Words On Birds by Steve Grinley
Check for Vagrants at Feeders
September 08, 2018
by Steve Grinley
As we move into September and the fall season, it is time to look for the unusual in the bird world. Autumn is the time when vagrants, birds that show up outside of their normal range, often show up in Massachusetts. Many of these vagrants show up in local neighborhoods and, sometimes, at bird feeders. Many of these vagrants are first year birds that migrate off course, or even in a different direction than their species normally do.
A dickcissel has already made an appearance at a backyard feeder in Essex. A dickcissel looks similar to the house sparrows with which it associates, but it has varying amounts of yellow on its breast, depending on its age and sex. A dickcissel is a grassland bird of the Midwest, and has become a frequent fall visitor to our area. We have had one several times at the store feeders over the years.
The house sparrows at your feeders can be a nuisance, but check them carefully for something different. In addition to dickcissels, other vagrants may be mixed in. Look for a clay-colored or a Harris’s sparrow, each of which have been seen in our area in recent years. Even a golden-crowned sparrow, from the western United States, has visited feeders I Massachusetts.
Feeding birds in the fall can be exciting and it helps summer residents build up their body fat in preparation for their journey south. It also helps migrating birds refuel on their way through our area. Maintaining sunflower, mixed seed, thistle and suet feeders will provide the necessary fuel for many of these birds.
Often times large flocks of blackbirds will descend on your feeders on their way south in the fall. Though they may also be a temporary nuisance, look closely through the usual grackles, red-winged blackbirds and cowbirds for a yellow-headed blackbird. Adults have all yellow heads, but females and young birds may only have yellow on their face and chest.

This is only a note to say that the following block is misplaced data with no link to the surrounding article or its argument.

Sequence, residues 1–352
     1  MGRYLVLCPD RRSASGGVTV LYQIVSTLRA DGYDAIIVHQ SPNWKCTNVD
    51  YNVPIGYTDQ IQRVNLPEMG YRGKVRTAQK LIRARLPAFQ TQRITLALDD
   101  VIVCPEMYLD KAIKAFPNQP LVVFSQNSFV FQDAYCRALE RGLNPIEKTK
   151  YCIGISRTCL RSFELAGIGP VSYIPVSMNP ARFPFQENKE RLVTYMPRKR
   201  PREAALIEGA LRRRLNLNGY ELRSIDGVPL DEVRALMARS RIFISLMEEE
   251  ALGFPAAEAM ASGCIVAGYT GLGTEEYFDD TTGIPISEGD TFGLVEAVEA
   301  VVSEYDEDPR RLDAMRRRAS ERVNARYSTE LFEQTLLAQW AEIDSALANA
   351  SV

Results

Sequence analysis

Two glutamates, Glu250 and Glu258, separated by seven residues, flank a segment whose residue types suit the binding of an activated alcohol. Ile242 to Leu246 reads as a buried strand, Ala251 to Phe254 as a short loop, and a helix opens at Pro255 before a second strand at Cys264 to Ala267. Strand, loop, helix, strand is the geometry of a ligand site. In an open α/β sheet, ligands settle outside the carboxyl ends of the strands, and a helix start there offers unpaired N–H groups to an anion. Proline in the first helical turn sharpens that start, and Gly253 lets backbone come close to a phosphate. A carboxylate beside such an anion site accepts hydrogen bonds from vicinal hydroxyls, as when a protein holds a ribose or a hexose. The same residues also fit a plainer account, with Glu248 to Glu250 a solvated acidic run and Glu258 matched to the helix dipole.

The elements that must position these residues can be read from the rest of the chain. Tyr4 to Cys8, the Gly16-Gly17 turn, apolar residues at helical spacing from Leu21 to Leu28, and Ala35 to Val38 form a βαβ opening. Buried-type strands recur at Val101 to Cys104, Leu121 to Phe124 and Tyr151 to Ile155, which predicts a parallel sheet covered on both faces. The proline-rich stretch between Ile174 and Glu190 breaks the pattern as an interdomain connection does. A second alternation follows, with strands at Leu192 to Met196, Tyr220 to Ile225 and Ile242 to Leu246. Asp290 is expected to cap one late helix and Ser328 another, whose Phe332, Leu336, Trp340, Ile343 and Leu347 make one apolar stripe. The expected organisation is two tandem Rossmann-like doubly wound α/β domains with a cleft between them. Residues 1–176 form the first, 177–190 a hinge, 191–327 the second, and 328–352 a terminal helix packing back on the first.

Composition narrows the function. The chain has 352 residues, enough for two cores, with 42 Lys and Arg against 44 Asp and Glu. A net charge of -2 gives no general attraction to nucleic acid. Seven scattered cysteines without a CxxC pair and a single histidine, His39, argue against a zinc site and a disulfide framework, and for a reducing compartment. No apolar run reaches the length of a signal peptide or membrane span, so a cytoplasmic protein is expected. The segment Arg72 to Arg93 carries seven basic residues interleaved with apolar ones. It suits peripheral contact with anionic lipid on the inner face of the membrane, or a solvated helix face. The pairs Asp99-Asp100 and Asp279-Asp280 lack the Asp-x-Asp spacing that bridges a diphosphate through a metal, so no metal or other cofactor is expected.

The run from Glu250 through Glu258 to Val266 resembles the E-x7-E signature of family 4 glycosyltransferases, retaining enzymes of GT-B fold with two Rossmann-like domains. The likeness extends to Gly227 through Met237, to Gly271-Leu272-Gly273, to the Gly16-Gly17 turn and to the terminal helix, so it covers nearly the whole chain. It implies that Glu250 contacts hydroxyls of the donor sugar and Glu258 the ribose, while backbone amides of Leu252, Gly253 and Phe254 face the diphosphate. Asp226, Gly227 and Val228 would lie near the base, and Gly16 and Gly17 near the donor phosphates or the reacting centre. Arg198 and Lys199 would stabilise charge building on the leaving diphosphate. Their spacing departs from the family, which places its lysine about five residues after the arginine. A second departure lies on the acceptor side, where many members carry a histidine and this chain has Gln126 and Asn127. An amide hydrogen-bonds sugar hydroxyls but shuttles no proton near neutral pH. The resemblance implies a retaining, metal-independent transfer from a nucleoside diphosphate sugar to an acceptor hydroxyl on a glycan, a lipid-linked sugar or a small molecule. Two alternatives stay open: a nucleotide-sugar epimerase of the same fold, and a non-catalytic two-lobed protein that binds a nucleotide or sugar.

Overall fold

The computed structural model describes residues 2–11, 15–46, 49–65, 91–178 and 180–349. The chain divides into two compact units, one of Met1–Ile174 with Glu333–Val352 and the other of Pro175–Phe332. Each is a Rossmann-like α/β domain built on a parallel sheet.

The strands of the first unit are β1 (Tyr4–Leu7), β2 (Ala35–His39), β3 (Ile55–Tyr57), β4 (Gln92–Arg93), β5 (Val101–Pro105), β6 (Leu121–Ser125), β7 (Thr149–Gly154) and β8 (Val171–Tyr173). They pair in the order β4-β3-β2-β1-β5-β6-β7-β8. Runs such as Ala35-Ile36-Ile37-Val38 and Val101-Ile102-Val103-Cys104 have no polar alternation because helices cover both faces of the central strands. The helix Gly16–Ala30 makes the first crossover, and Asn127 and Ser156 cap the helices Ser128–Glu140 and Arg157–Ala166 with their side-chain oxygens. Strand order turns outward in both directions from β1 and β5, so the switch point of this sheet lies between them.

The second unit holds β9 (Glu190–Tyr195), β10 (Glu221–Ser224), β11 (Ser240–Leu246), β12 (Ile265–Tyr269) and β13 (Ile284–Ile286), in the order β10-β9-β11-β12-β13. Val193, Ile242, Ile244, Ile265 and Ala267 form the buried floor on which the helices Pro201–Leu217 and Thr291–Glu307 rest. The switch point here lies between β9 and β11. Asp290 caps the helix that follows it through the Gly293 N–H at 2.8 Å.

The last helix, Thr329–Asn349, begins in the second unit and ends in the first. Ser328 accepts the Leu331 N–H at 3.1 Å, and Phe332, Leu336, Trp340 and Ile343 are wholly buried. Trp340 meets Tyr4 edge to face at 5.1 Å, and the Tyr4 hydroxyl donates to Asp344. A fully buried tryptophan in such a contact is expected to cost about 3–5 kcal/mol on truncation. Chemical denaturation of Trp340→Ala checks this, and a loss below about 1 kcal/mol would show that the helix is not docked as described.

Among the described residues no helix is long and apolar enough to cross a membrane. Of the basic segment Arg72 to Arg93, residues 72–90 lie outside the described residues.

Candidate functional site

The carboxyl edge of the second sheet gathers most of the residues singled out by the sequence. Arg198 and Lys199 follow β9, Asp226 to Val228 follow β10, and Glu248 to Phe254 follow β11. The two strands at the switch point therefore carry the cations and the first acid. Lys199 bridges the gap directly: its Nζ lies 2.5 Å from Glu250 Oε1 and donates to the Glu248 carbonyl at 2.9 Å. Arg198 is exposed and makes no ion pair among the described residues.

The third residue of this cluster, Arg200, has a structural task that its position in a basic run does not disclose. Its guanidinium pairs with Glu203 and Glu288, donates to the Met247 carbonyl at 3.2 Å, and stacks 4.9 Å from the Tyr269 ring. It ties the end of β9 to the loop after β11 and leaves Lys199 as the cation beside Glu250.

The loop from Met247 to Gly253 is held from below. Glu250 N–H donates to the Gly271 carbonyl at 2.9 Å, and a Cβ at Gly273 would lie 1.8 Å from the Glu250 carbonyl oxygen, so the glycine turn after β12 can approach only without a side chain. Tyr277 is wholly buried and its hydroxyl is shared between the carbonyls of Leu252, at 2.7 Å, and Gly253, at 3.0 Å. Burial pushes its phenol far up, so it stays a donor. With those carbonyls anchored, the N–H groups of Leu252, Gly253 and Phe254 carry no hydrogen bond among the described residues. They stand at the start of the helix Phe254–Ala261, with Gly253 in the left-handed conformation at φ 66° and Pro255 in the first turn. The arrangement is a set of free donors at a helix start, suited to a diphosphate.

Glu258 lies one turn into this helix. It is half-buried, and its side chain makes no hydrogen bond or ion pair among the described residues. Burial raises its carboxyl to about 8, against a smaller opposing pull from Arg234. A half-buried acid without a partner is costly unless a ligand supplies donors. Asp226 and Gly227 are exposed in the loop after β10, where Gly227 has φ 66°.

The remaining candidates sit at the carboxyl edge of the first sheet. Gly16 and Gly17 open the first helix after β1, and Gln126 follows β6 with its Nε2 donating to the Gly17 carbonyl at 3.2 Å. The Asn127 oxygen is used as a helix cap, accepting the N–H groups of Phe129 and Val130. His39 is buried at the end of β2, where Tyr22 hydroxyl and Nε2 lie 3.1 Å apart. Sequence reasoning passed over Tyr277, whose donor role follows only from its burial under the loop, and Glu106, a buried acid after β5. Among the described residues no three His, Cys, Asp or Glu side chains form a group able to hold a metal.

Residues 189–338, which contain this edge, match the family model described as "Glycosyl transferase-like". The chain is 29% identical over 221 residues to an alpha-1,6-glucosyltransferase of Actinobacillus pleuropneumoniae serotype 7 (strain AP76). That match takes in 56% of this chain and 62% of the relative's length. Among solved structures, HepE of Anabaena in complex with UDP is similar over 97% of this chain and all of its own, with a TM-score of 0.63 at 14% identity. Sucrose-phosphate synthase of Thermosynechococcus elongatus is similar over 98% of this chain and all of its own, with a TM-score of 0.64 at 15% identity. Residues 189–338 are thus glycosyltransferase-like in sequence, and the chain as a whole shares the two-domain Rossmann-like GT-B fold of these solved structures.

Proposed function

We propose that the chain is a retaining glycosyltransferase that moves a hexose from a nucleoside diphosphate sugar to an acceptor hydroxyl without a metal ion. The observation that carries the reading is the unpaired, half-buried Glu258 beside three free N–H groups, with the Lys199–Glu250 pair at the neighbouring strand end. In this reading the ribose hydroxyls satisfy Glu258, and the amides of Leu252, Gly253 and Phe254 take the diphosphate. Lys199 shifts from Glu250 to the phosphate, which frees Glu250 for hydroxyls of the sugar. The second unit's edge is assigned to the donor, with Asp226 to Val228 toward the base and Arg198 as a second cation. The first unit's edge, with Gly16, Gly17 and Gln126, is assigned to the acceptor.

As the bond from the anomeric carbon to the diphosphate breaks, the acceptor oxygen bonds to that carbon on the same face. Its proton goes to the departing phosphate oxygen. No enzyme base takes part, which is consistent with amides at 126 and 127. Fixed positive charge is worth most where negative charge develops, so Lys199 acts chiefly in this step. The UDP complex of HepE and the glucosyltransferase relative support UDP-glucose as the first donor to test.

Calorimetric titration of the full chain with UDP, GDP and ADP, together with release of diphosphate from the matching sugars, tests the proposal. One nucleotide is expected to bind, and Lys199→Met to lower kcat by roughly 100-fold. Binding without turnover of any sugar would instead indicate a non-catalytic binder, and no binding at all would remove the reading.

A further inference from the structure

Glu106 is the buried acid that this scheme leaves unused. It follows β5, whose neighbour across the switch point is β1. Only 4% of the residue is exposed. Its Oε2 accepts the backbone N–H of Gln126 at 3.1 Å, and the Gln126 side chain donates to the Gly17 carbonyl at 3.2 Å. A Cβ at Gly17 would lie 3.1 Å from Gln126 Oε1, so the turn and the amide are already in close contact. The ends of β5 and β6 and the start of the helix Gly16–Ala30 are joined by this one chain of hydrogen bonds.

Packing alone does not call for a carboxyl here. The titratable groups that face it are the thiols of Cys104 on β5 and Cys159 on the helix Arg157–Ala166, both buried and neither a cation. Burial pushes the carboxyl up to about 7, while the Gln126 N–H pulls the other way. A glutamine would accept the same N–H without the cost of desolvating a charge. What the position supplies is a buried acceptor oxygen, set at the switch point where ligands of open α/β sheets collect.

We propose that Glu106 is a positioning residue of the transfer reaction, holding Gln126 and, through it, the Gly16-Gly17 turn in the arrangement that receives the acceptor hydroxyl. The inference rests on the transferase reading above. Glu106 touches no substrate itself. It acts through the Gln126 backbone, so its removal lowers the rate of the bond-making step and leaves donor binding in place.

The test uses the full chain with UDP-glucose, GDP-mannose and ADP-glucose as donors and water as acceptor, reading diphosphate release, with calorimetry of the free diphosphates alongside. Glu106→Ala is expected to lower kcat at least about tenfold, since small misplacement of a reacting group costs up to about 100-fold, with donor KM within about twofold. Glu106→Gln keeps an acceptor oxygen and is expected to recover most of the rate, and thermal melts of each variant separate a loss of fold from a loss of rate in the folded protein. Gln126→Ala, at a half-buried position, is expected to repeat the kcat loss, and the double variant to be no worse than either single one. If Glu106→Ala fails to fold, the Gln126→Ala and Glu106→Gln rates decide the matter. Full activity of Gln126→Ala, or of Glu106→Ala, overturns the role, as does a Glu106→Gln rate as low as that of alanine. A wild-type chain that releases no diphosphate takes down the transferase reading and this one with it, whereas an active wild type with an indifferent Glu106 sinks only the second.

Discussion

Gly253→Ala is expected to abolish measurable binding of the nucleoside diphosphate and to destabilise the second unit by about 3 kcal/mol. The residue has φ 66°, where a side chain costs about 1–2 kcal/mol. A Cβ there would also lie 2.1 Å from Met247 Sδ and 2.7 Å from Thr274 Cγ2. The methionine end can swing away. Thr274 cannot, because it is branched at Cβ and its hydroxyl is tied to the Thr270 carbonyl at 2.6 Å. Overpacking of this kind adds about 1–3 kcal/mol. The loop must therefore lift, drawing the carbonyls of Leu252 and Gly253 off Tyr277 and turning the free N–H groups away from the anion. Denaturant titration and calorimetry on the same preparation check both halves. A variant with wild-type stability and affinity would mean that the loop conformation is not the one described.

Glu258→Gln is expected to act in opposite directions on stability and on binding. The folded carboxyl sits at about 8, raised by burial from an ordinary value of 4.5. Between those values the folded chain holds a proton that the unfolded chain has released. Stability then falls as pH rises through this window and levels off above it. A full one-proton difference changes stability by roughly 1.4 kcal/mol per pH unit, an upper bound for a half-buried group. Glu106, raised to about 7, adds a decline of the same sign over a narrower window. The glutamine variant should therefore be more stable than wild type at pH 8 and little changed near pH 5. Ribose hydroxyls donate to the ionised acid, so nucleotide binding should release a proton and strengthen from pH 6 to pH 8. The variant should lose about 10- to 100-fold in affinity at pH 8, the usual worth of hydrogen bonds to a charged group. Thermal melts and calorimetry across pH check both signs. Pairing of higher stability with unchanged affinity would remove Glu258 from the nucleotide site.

Black-headed grosbeaks and western tanagers are possible vagrants that may appear at sunflower feeders. Off-course western tanagers have visited feeders in Merrimac and Rowley in years past.
Many of the local orioles have migrated, however, you may want to keep your oriole feeder up through September for any orioles that may stop on their way south from further north. A little jelly fix, and sometimes suet, helps them to continue on their journey. Be sure to check those orioles that stop for another vagrant – a Bullock’s oriole. Once considered the same species as a Baltimore oriole (then northern oriole), it is now considered a different species and does occasionally show up in Massachusetts.
It is also important time to maintain your hummingbird feeders for the next few weeks. Some of our local birds are still building up their fat reserves for migration, and migrants will be stopping by on their way through. Vagrant hummingbirds are becoming a more frequent occurrence, especially later in the fall.
If you keep your hummingbird feeder up through September and into October, be sure to scrutinize any visitors for they could be something other than our regular ruby-throated hummingbirds. This becomes more important as we move later into the season. Many western species are showing up at Massachusetts feeders with increasing frequency in the late fall.
A broad-billed hummingbird visited a feeder in Dennis on the Cape some years back. Rufous and Allen’s type hummingbirds have been the more “regularly” vagrants in autumn in Massachusetts. These birds have a more rusty coloration and, therefore, may be more obvious to recognize as different. These hummingbirds have shown up in Byfield and Essex in recent years. So check those hummers carefully this season, along with all the other birds visiting your seed feeders. You never know what you may find!
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